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Muse bassist: Big gigs lack intimate vibe

ShowbizBy Sunday World
Muse bassist: Big gigs lack intimate vibe

Muse's Chris Wolstenholme says some of the vibe "goes missing" when they play bigger gigs.

Together with Matt Bellamy and Dominic Howard he makes up one of the biggest rock bands in the world, with latest album Drones reaching number one in countries including the UK and the US.

While it's brilliant they've become so famous and now play packed-out venues, Chris has some nostalgia for the more intimate shows they used to put on.

"There's definitely a vibe that starts to go missing as you play bigger venues," he admitted to Q magazine.

"But I love bigger gigs, too. I don't think we ever really imagined that we could play at Wembley stadium. To be honest, it's nice to mix it up a bit. It can start to get a bit samey if you play one type of venue."

The band have been trying to inject some variety into their performances and played at metal festival Download earlier this year (15). It's a side they have always wanted to explore.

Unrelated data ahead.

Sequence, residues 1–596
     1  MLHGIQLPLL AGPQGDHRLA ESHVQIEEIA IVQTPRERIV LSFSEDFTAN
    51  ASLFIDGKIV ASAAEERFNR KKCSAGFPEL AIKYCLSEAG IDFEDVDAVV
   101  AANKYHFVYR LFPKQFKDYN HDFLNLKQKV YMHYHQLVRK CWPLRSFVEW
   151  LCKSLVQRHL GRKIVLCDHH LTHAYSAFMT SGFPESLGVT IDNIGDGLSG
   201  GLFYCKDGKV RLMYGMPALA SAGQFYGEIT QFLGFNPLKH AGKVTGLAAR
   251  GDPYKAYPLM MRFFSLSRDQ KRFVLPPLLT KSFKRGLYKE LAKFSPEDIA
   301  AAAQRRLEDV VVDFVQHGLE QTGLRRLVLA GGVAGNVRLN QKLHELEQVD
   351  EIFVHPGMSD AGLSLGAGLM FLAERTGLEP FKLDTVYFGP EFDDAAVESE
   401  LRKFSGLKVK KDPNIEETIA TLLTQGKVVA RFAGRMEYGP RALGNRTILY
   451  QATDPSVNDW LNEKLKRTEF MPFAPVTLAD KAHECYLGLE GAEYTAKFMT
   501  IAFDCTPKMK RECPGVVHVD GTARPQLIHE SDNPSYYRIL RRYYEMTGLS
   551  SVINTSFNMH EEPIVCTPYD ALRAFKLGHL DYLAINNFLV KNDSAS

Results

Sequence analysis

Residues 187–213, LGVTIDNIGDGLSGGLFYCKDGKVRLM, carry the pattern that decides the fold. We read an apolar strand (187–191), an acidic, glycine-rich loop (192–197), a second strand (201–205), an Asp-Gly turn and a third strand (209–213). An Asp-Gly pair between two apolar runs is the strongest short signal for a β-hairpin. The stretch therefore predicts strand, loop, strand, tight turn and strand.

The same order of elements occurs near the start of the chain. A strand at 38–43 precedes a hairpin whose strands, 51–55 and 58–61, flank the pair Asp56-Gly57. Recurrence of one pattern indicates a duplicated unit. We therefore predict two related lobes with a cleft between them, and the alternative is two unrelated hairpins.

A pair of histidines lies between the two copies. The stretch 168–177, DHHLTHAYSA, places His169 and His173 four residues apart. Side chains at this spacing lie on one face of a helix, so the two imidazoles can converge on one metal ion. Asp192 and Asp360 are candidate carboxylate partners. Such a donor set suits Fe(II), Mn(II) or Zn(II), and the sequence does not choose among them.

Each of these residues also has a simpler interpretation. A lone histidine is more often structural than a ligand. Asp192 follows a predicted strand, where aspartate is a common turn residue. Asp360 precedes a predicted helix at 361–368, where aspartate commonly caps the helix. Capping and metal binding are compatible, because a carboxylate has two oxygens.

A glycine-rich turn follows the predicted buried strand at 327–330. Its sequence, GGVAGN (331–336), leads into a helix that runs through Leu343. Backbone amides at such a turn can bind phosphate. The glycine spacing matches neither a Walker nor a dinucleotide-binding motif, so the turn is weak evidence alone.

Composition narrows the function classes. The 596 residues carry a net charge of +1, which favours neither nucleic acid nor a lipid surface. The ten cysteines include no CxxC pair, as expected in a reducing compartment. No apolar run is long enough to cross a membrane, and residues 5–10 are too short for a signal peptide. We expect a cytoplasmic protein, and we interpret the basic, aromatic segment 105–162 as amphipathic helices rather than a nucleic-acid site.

"I thought it was great," Chris smiled. "We've always felt that there's a very heavy side to the band. Our early influences were all heavy rock bands and some of those influences still remain, so, for us, we weren't the left-field choice some people thought we were."

One festival they didn't play this year is the iconic Glastonbury. But fans who like to get muddy could potentially catch them there in 2016.

"I think we would play Glasto every year if we could!" the bassist said. "It's probably the best festival in the world. We're all hoping we get to do it on this album. It's been a while!"

Muse last played Glastonbury in 2010.

- Cover Media